Dare we whisper the word progress related to the UN climate negotiations?
Don’t say it out loud yet, but news coverage from the talks in Durban, South Africa, as the first week of the conference comes to an end, seems to be hinting at the potential for movement from some parties.
Despite apparent U.S. opposition, representatives from the European Union intimated that there is growing support for a “roadmap” that would lead to a legally binding climate treaty among nations to cut carbon emissions. With the Kyoto Protocol set to expire at the end of 2012 if not renewed, the idea supported by the EU is, by 2015, to create a new treaty that would go into effect in 2020.
U.S. deputy climate change envoy Jonathan Pershing was quoted that such an agreement would have to be equally binding on all parties (in other words developing countries like China, would need to be bound by the treaty as well as developed nations).
But there have also been some positive signals from China at the talks. Xu Huaqing, a senior researcher with the Energy Research Institute, which is affiliated with the government body overseeing climate change issues in China, was quoted publicly that China might agree to a quantified target to limit its greenhouse gas emissions by 2020, depending on the outcome of climate negotiations and the progress of China’s development at the time. This is the first time China has mentioned such a timetable.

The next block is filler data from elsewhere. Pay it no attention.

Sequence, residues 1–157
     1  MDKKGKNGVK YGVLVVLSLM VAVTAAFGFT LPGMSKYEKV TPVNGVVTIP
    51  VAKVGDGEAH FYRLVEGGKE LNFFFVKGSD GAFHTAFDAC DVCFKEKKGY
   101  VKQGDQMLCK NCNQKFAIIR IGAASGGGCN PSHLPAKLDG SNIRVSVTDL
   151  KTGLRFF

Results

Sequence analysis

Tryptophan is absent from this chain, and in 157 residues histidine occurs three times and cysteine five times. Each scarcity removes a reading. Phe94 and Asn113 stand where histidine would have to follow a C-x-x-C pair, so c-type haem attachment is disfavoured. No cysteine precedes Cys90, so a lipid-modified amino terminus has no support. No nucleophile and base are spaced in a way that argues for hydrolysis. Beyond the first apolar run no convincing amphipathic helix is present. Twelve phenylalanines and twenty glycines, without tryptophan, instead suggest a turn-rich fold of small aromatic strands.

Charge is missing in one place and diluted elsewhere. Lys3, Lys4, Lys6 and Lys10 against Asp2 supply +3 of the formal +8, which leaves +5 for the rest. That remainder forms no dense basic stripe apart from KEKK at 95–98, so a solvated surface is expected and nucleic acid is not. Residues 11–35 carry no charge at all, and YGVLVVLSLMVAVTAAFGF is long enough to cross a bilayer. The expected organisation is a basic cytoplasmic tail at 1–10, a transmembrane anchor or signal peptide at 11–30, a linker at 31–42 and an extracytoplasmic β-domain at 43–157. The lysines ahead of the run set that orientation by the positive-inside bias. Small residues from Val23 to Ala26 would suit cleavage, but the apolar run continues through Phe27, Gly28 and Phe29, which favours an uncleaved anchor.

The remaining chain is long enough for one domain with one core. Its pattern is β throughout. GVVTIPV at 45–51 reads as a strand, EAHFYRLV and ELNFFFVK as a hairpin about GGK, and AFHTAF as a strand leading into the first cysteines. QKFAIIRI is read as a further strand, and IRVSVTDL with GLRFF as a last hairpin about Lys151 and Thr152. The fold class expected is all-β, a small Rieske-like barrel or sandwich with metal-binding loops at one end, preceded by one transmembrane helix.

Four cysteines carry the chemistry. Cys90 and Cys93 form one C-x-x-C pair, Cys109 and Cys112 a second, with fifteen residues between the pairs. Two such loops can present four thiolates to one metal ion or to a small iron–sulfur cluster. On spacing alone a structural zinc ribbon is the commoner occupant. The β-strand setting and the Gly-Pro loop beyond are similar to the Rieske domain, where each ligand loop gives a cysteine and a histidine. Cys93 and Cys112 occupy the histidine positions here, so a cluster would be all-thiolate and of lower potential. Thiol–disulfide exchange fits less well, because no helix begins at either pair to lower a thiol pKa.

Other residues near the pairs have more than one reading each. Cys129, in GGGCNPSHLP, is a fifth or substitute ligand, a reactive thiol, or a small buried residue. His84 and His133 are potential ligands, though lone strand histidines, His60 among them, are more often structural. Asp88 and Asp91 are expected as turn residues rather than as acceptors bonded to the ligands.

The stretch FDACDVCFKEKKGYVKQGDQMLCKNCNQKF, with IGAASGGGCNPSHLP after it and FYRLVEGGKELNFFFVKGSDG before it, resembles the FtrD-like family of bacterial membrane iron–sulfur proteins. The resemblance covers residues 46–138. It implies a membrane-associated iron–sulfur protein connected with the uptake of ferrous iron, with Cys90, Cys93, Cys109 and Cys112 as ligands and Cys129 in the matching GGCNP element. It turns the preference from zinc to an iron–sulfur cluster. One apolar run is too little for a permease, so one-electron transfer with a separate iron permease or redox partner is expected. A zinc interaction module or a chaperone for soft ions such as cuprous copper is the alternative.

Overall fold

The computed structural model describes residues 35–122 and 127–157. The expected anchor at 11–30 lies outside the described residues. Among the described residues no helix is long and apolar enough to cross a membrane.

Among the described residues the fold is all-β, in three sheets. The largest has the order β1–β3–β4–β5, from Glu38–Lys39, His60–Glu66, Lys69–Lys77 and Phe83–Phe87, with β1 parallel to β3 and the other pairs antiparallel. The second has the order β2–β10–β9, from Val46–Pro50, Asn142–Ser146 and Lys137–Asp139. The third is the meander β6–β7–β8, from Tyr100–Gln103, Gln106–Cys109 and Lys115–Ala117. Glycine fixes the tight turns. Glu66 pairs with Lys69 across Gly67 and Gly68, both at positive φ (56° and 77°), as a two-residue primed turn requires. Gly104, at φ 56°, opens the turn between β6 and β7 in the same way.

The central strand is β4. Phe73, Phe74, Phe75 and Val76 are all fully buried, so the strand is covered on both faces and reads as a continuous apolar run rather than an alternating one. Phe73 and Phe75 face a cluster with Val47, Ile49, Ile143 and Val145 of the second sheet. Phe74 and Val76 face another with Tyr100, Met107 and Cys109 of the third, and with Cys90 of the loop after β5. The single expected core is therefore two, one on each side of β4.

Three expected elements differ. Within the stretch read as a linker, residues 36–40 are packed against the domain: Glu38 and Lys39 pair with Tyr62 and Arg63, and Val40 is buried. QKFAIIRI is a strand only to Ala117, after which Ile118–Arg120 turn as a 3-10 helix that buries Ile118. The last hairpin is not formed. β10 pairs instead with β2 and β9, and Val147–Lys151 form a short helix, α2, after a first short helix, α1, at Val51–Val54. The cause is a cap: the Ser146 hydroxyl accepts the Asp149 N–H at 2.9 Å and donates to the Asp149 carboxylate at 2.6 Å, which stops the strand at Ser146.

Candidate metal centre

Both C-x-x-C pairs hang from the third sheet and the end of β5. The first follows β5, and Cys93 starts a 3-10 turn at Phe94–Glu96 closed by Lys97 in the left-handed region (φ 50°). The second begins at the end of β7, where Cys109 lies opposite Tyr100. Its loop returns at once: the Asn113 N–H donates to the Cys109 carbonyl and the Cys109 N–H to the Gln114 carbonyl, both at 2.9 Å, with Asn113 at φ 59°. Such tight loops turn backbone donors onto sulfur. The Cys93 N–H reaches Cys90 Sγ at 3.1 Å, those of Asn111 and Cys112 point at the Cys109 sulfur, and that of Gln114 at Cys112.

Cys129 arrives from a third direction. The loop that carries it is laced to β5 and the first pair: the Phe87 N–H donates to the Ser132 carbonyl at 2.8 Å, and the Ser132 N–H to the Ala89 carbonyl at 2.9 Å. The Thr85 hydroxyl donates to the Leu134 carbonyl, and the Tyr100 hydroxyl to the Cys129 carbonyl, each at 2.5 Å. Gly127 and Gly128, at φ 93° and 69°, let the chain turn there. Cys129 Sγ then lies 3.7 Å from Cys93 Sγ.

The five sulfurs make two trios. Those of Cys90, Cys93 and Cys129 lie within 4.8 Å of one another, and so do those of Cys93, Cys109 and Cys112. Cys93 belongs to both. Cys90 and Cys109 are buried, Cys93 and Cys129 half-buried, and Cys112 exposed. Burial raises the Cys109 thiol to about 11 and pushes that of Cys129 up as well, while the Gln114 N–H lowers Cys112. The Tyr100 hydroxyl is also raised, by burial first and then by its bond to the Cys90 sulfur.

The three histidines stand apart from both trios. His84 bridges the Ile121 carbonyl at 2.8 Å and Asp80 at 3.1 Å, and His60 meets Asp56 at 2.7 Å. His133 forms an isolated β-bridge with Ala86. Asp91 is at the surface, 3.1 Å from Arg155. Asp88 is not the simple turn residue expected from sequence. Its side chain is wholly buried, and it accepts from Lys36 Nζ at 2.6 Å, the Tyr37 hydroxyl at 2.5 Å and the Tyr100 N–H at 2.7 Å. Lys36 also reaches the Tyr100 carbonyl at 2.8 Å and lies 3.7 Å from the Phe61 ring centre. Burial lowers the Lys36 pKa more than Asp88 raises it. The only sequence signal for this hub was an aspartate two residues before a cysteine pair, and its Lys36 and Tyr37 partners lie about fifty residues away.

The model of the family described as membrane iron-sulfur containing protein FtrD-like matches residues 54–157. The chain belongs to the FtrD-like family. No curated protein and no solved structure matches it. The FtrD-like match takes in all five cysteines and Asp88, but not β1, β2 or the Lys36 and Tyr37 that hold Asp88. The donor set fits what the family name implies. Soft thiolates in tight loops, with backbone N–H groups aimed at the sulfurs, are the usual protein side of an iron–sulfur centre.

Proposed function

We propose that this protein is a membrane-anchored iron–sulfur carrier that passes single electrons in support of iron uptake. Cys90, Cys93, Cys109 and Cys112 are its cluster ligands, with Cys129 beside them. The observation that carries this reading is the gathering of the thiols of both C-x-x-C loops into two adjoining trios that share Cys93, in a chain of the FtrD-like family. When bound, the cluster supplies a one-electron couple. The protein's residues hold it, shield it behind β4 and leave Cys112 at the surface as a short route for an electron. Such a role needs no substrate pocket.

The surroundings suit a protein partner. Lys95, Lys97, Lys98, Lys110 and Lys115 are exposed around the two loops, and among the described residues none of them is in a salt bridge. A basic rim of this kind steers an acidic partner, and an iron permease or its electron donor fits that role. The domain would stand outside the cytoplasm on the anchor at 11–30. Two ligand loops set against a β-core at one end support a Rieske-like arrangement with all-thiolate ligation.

There is also potential for progress on climate policies beyond emissions targets, such as sustainable economic development paired with forest conservation (also known as REDD or Reducing Emissions from Deforestation and forest Degradation) and climate finance for developing countries.
So, don’t hold your breath, but keep watching Durban for developments.
Lisa Hayden is a blogger and writer for The Nature Conservancy
Photo by: Flickr user Oxfam International (Plenary session at COP 17, Durban)Used under a Creative Commons license.
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